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A spatio-temporal, landscape perspective on Acacia dealbata invasions and broader land use and cover changes in the northern Eastern Cape, South Africa

Gouws, Aidan John, Shackleton, Charlie M.
Environmental monitoring and assessment 2019 v.191 no.2 pp. 74
Acacia dealbata, aerial photography, computer software, ecological invasion, geographic information systems, habitat fragmentation, humans, invasive species, land cover, land use, landscapes, time series analysis, South Africa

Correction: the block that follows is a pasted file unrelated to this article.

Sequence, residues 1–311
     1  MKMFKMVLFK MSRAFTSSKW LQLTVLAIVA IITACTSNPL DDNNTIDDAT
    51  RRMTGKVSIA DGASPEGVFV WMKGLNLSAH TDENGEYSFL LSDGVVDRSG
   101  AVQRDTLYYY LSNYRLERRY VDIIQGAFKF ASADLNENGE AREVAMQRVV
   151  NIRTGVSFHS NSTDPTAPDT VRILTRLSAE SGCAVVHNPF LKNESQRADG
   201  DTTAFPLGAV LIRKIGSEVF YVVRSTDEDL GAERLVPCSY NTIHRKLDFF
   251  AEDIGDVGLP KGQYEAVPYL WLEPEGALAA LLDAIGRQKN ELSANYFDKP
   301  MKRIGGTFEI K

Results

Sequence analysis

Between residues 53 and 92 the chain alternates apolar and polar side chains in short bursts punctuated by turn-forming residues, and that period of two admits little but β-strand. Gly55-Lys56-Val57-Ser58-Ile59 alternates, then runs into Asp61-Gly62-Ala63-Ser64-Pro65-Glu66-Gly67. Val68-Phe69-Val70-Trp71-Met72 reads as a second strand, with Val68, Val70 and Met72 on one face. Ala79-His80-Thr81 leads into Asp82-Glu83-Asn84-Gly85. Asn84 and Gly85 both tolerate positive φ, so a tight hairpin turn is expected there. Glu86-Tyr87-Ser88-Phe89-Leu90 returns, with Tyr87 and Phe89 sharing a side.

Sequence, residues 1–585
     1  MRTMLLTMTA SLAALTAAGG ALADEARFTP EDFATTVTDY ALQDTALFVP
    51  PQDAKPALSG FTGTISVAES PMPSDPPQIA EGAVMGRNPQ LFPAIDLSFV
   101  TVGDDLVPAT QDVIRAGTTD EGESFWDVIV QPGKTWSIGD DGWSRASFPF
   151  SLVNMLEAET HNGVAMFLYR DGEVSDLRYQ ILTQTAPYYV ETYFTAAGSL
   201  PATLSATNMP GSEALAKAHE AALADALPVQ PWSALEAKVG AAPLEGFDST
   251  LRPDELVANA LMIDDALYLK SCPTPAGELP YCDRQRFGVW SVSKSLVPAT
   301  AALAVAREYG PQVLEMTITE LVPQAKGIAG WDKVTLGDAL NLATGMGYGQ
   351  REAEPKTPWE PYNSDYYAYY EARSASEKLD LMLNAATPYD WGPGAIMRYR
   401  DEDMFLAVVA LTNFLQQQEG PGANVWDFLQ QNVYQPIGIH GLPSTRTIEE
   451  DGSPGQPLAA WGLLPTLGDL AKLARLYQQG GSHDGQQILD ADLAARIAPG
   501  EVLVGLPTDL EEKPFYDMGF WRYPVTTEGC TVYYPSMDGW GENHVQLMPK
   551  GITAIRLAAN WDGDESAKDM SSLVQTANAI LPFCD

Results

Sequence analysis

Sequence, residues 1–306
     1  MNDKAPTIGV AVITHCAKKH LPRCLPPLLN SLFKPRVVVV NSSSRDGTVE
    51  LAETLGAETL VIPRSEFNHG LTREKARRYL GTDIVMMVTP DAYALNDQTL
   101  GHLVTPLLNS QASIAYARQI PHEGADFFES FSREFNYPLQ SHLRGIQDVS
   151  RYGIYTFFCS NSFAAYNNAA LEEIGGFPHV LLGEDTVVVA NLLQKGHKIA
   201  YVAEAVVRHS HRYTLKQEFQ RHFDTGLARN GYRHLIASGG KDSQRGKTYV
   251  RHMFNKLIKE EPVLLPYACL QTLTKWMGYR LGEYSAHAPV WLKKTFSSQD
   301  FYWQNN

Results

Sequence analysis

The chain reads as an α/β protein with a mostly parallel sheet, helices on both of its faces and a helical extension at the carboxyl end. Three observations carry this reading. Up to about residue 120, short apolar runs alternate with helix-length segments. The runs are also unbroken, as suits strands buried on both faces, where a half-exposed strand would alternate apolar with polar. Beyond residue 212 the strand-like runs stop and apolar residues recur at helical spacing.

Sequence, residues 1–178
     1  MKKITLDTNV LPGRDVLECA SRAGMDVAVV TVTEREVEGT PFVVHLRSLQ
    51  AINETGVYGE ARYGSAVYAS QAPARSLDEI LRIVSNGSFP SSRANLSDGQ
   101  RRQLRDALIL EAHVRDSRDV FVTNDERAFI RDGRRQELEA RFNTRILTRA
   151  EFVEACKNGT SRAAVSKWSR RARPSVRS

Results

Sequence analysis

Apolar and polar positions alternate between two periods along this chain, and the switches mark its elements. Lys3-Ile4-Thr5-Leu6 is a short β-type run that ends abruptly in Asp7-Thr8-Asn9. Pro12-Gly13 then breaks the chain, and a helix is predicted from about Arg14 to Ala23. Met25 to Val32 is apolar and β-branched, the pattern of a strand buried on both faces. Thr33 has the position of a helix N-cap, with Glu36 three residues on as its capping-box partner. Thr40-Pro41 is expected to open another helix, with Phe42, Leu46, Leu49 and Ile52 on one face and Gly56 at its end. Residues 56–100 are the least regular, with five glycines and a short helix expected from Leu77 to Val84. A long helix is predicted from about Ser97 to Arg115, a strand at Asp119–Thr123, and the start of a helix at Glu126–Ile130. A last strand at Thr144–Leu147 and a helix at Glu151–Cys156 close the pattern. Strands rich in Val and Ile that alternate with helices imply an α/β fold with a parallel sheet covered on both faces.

Biological invasions and human land use both have the potential to drastically alter the patterns and processes of landscapes, driving habitat fragmentation and altering natural disturbance regimes. The proliferation of an invasive species depends on composition and configuration of the landscape, as well as the invasiveness of the species. To effectively manage a highly invasive species, such as Acacia dealbata, it is crucial to understand the historical progression of the invasion within the landscape. This study sought to examine the landscape dynamics of biological invasions by tracking the historical spread of A. dealbata and broader land use/land cover (LULC) changes at different spatio-temporal scales in the northern Eastern Cape. A time-series of aerial photographs were systematically classified according to designated A. dealbata and LULC categories in ArcGIS to track the changes in the extent and rate of spread of A. dealbata. Markedly dynamic, multi-directional, and spatio-temporally variable LULC transitions were observed across the northern Eastern Cape over the last six decades. A. dealbata frequently retained a high proportion of cover over time, and despite the loss of cover to other LULC classes, a net increase in A. dealbata cover occurred as it spread at an overall annual rate of 0.11–0.21%, occupying approximately 8–18% of land cover across all sampled sites by 2013. Any management interventions to limit or control A. dealbata should therefore consider the spatio-temporal and LULC nuances of landscapes.